Forget morning workouts: Wearable tech says this time is best for your health

Exercising regularly is no secret to good health, but a new study suggests the time of day you squeeze in your workout might be more important than you think. Researchers at the University of Sydney followed over 30,000 adults for eight years, finding that those who did most of their physical activity in the evening had the lowest risk of death from cardiovascular disease. This was the case even if their exercise routine consisted of just short bursts of movement.

Fitness trackers and quantified self movement

The quantified self movement, fueled by the rise of fitness trackers and smartwatches from Fitbit, Apple, Garmin and others, has made us all more aware of our health and fitness than ever before. These devices keep tabs our steps, heart rate, sleep patterns and more, providing a wealth of data that can help us understand how our bodies work and how to improve our health.

As wearable tech continues to evolve, we can expect to discover even more about the impact of our daily routines on our overall well-being. Exciting times lie ahead for us into the quantified self movement.

Scientists are increasingly using wearable tech to conduct research studies. These types of devices are providing them with access to data they could not tap into before. A recent study by the University of Sydney is a prime example.

University of Sydney study on exercise

The new University of Sydney study on exercise and cardiovascular health was published in Diabetes Care. It involved 29,836 adults aged over 40 living with obesity, of whom 2,995 participants were also diagnosed with Type 2 diabetes. Researchers specifically recruited participants with these conditions, as they are known to be at a higher risk of cardiovascular disease.

Participants wore wrist accelerometers continuously for one week to track their physical activity levels throughout the day. The accelerometers measured moderate-to-vigorous physical activity (MVPA), which is any activity that gets your heart rate up and makes you breathe harder.

The researchers categorized each participant into one of three groups based on when they were most active during the day: morning exercisers, afternoon exercisers, and evening exercisers. They then tracked the health of the participants for an average of nearly eight years, examining health data from national healthcare databases. During this follow-up period, there were 1,425 deaths, 3,980 cardiovascular events, and 2,162 microvascular dysfunction events.

The study’s findings were fascinating

Here’s what researchers found:

  • Adults who were most active in the evening (roughly the period between 6pm and midnight) had the lowest risk of dying from cardiovascular disease. Compared to not engaging in physical activity, this was associated with the lowest risk of all-cause mortality (Hazard Ratio [HR] = 0.39; 95% Confidence Interval [CI] 0.27-0.55). This translates to a reduction in mortality risk of 61%.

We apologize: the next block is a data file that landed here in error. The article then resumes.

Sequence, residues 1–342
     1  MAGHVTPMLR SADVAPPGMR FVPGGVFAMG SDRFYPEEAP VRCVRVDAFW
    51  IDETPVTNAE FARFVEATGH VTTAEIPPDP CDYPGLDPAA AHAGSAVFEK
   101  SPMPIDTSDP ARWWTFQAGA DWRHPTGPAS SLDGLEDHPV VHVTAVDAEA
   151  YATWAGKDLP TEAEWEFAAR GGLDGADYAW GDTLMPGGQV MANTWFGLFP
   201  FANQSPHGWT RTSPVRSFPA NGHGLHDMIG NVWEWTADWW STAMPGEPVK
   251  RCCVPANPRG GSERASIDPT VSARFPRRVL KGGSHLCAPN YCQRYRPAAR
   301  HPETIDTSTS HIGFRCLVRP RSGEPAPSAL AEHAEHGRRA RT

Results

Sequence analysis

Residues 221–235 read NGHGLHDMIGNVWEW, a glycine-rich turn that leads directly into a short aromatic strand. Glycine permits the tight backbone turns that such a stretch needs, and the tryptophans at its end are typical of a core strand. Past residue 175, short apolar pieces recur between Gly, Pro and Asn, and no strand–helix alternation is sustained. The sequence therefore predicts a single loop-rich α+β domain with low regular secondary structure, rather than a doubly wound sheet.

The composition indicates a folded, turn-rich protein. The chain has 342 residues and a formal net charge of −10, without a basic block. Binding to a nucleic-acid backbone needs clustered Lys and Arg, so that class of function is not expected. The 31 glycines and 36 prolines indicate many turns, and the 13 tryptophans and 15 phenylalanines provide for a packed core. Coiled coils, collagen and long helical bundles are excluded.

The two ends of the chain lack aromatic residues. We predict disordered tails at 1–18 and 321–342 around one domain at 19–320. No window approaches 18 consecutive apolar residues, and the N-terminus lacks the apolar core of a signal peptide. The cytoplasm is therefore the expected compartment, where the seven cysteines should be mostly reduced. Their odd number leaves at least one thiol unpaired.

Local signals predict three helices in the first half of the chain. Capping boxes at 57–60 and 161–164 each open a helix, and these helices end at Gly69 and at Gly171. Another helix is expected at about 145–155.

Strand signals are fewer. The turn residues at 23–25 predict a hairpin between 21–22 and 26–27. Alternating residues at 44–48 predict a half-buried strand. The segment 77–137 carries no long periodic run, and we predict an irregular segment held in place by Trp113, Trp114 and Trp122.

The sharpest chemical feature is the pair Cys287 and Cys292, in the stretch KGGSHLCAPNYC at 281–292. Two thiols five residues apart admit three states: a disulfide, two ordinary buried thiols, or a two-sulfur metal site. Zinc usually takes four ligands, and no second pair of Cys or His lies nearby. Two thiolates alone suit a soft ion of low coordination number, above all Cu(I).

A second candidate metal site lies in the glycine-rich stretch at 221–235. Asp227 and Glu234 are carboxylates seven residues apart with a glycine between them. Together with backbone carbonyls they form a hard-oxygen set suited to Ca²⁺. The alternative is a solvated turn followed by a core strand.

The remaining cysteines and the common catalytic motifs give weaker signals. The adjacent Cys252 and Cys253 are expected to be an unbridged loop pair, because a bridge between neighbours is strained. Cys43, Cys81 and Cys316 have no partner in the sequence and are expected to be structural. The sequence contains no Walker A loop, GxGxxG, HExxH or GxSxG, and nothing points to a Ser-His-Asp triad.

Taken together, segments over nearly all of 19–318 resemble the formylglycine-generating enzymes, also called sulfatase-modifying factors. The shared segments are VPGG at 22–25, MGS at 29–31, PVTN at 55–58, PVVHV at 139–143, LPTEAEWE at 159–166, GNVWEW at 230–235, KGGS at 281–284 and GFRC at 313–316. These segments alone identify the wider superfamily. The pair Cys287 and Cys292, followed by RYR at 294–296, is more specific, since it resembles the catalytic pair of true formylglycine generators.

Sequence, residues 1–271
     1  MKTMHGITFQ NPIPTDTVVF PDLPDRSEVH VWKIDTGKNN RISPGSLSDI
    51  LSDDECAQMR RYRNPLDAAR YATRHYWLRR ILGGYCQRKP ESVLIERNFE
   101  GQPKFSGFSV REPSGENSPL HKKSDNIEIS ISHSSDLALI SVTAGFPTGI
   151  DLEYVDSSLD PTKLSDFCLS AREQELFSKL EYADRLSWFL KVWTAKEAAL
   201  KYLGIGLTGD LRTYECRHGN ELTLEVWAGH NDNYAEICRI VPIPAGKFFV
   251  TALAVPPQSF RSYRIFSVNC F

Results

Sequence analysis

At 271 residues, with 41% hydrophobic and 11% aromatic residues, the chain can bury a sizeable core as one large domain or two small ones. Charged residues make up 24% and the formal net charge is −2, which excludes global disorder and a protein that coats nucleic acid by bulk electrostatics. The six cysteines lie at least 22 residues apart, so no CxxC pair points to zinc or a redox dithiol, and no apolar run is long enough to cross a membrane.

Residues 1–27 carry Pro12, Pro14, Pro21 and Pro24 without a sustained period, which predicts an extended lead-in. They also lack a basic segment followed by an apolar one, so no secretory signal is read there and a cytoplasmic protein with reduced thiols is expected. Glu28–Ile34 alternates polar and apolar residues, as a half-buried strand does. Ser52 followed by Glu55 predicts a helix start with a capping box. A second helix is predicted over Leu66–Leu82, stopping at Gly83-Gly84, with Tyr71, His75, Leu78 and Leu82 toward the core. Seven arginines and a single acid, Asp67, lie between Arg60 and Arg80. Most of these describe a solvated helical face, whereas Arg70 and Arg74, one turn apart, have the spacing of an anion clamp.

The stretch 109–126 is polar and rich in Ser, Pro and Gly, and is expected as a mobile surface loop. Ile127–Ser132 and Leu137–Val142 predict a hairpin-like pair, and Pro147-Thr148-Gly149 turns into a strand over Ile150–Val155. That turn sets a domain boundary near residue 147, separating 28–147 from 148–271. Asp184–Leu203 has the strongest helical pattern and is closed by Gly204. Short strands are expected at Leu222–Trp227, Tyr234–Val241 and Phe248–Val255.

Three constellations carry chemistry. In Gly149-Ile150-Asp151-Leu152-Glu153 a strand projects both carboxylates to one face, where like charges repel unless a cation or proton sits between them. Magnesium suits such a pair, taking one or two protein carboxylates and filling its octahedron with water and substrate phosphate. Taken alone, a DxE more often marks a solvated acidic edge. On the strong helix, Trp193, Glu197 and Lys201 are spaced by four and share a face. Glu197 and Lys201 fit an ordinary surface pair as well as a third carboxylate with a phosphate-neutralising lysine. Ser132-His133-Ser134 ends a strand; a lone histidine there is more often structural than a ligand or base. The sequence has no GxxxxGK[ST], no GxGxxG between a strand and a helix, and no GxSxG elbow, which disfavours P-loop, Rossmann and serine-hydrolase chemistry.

• The benefits of evening exercise were particularly noticeable for the study participants who are classified as obese.
  • And finally – even short bursts of evening activity appeared to be helpful.

Afternoon (HR = 0.60; 95% CI 0.51-0.71) and morning MVPA (HR = 0.67; 95% CI 0.56-0.79) were also associated with a lower risk of death compared to no MVPA. But the reductions were not as significant as evening exercise.

This correlation remained significant even after adjusting for variables such as age, sex, smoking status, and diet. This highlights the robustness of the findings.

Not the only study

These conclusions have important implications for those who may have difficulty fitting traditional, longer workouts into their schedules. The study suggests that brief periods of exercise in the evening – such as a brisk walk, some strength training, or even a dance session – can still significantly improve cardiovascular health. And that you should time them in the late afternoon or early evening.

Essential readingTop fitness trackers and health gadgets

The University of Sydney study aligns with a broader trend in research that suggests our bodies may be primed for physical activity later in the day. Other studies, like one by Drust et al. (2005), have shown that physical performance, including muscle strength and endurance, tends to peak in the latter part of the day. Additionally, research suggests that evening workouts may contribute to improved blood sugar regulation and better sleep quality.

Of course, the most important factor is finding a time that you can consistently stick with. And that exercise becomes a regular part of your life!

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Marko Maslakovic

Marko founded Gadgets & Wearables in 2014, having worked for more than 15 years in the City of London’s financial district. Since then, he has led the company’s charge to become a leading information source on health and fitness gadgets and wearables.

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